What is wrong with my proposed solution to this coding challenge?

I amd doing coding challenge 4 at this link: https://www.codecademy.com/courses/learn-python-3/articles/advanced-python-code-challenges-lists

I don’t know what’s wrong with my proposed solution, but it’s not being marked as correct? Is it because I’m modifying the original list rather than returning a new one? Here is my code from my solution:

#Write your function here
def double_index(lst, index):
lst.insert(index, lst[index] * 2)
return lst
return lst

#Uncomment the line below when your function is done
print(double_index([3, 8, -10, 12], 2))

I believe this challenge is looking for you to double an existing value at a specific index, .insert is for adding new elements to a list which I think is different to what the challenge is after here.

If you’re asked to return a new list instead of modifying an existing one then it would be worthwhile also following that step.

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What’s more, this challenge comes up early enough in the course that many learners are still grappling with index, and long before any discussion about exception handling. Your solution jumps way ahead of the queue. Suggest create the naive solution expected and not complicate matters with code that you might not fully understand. This really is a simple problem. Keep your solution simple.

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I just thought except was good to handle the erroneous case that will arise if the index is not in the range.

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There is no fault in that reasoning, although it is over the boards for this exercise. Be sure you can ideate and write the naive form of the solution.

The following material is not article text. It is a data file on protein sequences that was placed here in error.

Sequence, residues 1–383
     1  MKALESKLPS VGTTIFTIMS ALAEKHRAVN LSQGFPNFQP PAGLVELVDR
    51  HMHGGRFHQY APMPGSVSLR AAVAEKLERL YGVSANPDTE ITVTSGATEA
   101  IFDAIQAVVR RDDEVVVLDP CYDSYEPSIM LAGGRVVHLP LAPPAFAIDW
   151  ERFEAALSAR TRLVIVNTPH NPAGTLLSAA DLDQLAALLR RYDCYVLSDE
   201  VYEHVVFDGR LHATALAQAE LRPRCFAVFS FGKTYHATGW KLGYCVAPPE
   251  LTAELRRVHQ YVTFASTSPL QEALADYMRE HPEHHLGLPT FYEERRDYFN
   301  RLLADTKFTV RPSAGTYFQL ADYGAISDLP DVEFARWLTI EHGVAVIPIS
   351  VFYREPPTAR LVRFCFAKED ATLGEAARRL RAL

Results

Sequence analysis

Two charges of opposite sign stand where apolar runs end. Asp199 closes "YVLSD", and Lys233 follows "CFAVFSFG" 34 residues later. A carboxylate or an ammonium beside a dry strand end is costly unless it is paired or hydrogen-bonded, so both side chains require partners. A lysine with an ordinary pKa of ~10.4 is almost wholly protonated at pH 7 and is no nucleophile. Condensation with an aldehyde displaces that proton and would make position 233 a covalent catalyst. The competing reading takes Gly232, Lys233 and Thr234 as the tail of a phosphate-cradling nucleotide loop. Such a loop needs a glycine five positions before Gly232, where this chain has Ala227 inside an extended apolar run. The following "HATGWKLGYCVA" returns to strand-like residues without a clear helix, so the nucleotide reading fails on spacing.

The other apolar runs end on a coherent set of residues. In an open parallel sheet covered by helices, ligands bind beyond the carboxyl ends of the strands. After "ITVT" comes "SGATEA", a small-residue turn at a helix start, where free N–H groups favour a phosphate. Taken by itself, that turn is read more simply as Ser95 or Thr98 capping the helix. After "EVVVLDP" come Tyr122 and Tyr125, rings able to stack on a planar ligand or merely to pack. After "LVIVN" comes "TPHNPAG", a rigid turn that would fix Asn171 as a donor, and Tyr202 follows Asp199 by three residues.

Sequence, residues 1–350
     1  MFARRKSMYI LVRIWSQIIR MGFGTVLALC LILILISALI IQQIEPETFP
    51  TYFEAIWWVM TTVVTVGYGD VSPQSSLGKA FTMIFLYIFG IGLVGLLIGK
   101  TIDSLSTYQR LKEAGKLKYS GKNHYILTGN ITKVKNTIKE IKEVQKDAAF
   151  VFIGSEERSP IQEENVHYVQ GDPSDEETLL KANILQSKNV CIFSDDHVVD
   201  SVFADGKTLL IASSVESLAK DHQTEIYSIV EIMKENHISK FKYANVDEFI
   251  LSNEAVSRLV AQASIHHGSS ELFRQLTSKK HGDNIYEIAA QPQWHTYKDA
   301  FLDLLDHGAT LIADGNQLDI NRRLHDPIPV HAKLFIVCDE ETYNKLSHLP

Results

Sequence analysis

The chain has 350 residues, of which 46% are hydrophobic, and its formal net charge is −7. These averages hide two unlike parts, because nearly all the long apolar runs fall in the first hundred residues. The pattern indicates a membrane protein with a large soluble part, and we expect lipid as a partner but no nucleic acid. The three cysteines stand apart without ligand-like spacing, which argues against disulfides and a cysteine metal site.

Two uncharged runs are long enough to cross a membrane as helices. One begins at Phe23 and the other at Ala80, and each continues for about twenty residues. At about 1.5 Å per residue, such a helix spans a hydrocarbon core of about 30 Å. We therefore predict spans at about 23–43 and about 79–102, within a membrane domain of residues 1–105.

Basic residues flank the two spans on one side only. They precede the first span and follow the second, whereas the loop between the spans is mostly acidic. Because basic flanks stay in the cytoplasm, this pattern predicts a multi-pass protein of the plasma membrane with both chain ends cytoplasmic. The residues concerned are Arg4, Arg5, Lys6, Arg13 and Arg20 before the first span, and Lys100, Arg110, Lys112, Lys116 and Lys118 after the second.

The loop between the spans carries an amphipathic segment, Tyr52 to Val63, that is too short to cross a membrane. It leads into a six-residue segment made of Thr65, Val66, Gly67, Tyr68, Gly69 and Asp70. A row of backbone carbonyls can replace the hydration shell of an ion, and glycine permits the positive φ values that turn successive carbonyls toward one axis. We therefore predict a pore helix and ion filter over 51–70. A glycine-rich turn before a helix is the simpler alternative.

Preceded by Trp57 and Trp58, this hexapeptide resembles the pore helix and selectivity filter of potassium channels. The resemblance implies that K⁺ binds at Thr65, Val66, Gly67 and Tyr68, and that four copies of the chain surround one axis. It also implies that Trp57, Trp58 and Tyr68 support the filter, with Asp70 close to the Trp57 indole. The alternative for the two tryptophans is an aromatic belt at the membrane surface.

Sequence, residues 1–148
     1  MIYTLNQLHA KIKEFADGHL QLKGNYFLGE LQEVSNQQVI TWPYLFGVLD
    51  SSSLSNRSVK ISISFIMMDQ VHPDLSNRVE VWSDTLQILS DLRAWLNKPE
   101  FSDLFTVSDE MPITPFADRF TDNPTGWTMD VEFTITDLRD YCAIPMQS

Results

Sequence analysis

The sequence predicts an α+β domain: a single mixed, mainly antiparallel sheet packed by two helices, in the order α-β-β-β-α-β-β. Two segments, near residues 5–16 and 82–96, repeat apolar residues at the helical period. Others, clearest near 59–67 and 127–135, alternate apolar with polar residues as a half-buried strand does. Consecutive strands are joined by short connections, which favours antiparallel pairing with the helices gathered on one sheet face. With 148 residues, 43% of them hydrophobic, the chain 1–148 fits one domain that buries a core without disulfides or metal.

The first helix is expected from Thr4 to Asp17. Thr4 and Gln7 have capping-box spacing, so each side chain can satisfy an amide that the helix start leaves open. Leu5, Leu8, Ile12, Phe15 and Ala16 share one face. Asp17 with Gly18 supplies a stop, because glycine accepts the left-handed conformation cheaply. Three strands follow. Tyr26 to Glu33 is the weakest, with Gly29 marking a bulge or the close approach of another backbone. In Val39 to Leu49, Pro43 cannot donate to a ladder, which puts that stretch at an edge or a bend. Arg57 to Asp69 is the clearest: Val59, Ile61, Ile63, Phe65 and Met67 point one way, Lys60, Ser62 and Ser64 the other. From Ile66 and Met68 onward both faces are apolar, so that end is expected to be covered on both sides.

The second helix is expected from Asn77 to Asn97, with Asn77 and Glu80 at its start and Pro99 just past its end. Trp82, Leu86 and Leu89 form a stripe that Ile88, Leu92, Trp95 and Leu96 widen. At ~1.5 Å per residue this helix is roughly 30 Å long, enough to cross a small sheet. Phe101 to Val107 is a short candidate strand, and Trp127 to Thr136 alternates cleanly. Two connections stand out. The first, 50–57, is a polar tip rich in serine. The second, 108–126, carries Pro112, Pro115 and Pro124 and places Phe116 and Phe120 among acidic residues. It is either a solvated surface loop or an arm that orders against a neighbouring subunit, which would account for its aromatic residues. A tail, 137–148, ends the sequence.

• check that index is in range
  • mutate the value at that index if it is in range

@tgrtim explained why .insert() is not applicable in this case.

Okay thanks!

Also worth mentioning is that you said exception handling hasn’t been mentioned in the course at this point, but this is untrue. We have been introduced to break, try, except and continue at this point.

Ah, I see. Thanks for correcting my assumption. Have lost track of what comes up where and when.

def double_index(lst, index):
        lst[index] *= 2
    except IndexError:
        print ("Index is out of bounds.")
    return lst

Ah I like that, we’ve only been introduced to except though at this point. When we’ve used it it is just “except:”. I haven’t seen it used the way you have there with ‘IndexError’ written after it.

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That is the only exception that will get caught. If we pass in something that is not iterable, or that is immutable, Python will raise its own fatal error such as ValueError or TypeError. We’re only interested in the one type of error, IndexError. Be sure to do some extra reading to get yourself up to steam on this concept.

Rule One: only wrap code that may raise an exception in the try block. All the rest can follow after the except.

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Why not just use except here though to capture ALL errors, perhaps by printing an error message for the user. Why only specify the index error case?

We can specify any number of exceptions that we wish to handle, using multiple except blocks.

    except TypeError:
        print ("Object is not a list.")

Catching all the exceptions means we might not have a valid error message. Personally, I like to let Python handle all the errors while any are still possible so we can identify and except them in turn.